Aug 2023

The lingering ash orchard at the Holden Arboretum in June 2023 Photo Anna Funk Holden Forests and Gardens

The lingering ash orchard at the Holden Arboretum this June. (Photo: Anna Funk/Holden Forests & Gardens)

Hi all, 

Hope you’ve had a great summer. How's the search for lingering ash going? Would your organization start a lingering ash orchard? Looking for updates on eastern hemlock management, or the latest tree and pest research? See below! Keep an eye out, it looks like it will be a good year for hemlock cones and beech nuts!! 

 — Rachel Kappler

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The Latest

American beech

  • Researchers continue to unravel information about the nematode that causes beech leaf disease, working on genomes, symptom development, and modes of travel. We’ll continue to add any new research released to the Research Roundup section of this newsletter, below.

  • Although we have to contend with beech leaf disease, we are still interested in reports of trees that are potentially resistant to beech bark disease (see Get Involved, below). The best way to conserve these trees is to graft branches onto other local rootstock; it's difficult to keep beech seeds preserved.


  • Lingering ash searches in Ohio and Michigan this summer have found a handful more lingering ash to test. It’s not surprising there are so few given lingering ash trees make up less than 1% of the population (Knight et al. 2012).

  • New plans are in place for lingering ash orchards at the Oconto River Seed Orchard in Wisconsin and at Cornell University in New York. These orchards will be filled with grafted copies of local lingering ash for long term observation and to conserve specimens that have not yet gone through the testing process.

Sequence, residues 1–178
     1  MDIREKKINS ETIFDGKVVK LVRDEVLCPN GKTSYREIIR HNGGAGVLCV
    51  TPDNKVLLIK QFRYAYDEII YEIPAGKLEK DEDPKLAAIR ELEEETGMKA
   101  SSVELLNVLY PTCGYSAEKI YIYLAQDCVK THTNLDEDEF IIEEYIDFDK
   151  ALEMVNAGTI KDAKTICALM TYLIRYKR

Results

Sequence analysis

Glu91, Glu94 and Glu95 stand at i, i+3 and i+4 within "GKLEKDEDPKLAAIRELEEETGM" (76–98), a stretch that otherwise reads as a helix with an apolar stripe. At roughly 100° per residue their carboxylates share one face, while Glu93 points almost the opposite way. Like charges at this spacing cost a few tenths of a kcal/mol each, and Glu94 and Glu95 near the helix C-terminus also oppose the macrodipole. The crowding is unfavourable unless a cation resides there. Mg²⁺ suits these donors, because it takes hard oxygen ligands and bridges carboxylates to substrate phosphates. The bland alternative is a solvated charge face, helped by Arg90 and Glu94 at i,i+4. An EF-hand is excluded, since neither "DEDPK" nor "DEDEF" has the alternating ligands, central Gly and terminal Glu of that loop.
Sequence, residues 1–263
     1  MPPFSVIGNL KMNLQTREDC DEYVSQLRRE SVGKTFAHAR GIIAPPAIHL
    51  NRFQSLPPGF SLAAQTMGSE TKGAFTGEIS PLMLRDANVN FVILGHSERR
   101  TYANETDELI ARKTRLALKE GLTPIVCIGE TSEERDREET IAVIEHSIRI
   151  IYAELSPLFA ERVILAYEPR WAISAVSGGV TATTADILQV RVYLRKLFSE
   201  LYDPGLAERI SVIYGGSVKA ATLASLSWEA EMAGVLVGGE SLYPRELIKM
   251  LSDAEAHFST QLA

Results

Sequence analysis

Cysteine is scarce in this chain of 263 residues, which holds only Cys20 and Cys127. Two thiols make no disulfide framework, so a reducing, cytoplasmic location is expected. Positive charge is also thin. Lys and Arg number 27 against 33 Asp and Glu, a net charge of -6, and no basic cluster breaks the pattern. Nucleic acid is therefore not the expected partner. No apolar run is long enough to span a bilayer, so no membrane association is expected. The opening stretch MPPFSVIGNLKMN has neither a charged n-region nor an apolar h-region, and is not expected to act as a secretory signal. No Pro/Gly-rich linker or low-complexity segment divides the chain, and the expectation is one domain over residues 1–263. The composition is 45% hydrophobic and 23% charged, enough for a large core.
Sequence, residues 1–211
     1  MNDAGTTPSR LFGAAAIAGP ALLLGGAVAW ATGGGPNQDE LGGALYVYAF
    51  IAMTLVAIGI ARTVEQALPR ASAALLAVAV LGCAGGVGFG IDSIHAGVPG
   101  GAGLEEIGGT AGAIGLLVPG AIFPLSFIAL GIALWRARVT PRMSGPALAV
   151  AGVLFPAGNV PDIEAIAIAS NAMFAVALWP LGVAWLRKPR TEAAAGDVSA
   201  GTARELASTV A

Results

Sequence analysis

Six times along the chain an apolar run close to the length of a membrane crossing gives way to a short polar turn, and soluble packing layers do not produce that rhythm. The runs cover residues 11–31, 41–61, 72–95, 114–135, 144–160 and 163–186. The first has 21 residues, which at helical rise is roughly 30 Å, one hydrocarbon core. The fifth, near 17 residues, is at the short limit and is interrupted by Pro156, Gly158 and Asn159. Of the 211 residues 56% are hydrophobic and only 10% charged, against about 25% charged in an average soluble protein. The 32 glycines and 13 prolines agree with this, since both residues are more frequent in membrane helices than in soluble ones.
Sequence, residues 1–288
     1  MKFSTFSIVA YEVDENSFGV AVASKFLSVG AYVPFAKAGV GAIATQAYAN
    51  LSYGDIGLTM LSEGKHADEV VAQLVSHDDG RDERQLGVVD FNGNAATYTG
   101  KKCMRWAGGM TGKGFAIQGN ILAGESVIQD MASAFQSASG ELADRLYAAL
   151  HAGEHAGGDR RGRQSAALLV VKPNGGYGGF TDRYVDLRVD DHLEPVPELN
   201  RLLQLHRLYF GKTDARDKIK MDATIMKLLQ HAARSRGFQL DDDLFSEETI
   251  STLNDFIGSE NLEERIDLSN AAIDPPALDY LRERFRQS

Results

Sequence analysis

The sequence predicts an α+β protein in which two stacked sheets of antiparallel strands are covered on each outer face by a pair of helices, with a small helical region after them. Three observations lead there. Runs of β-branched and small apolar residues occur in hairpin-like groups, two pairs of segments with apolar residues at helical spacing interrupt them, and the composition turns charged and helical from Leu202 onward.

Eastern hemlock

  • We’ve made a few updates to the lingering hemlock monitoring protocol, which can be found on the GLB FHC webpage. This is the protocol that the TNC Trees in Peril working group created to help organizations know what data is needed when monitoring potentially resistant eastern hemlock. More updates may come this winter after field testing the protocol.

  • Program managers with the Hemlock Wooly Adelgid National Initiative met in Blacksburg, VA at the end of June. Find a program summary (under “reports”) and more information on their Meeting Materials site.

Have an update to share in the next GLB FHC newsletter? Email us!

Partner Spotlight:

Dr. Jill Hamilton Lab, Pennsylvania State University

Jill Hamilton lab at Penn State courtesy Jill Hamilton

The Hamilton lab. (Photo: Courtesy Jill Hamilton)

Dr. Jill Hamilton is the Director of The Schatz Center in Tree Molecular Genetics, and the Ibberson Chair of Silviculture Research in the Department of Ecosystem Science and Management at Pennsylvania State University. The Hamilton lab studies the distribution of population genetic variation across the landscape, with the end goal of understanding adaptive potential of populations under climate change and related threats to species.

For one of the lab’s core projects, they’re collecting seed and leaf tissue samples for Fraxinus pennsylvanica, F. americana, and F. nigra for genomic analysis. They’re studying the relationships between genes and the environment across these species’ ranges, as well as developing resources to complement EAB-resistant breeding materials. 

This summer, Ph.D. student Kyra LoPiccolo, in collaboration with The Nature Conservancy, led collections of leaves from ~1,000 trees across the three species and 60 U.S. locations. Sampling efforts will continue into the fall, aided by volunteers across the country recruited by Adventure Scientists. These range-wide leaf collections will allow LoPiccolo to study the genomic diversity of each species, characterize the structure of the genetic variation across each species range, and learn more about the trees’ adaptive potential. 

>> Volunteer to help collect ash samples and learn more at the Adventure Scientists website.

LoPiccolo, alongside postdoctoral scholar Dr. Melissa Lehrer, is also starting to germinate black ash seed received last year from over 400 maternal trees across the U.S. and Canada. As the seeds come out of cold stratification, they’ll be used to establish common garden experiments, where genetically related trees are planted across a range of environments. This will allow her to study how the genes of the different ash populations interact with different environments.

Get Involved

Meet your partners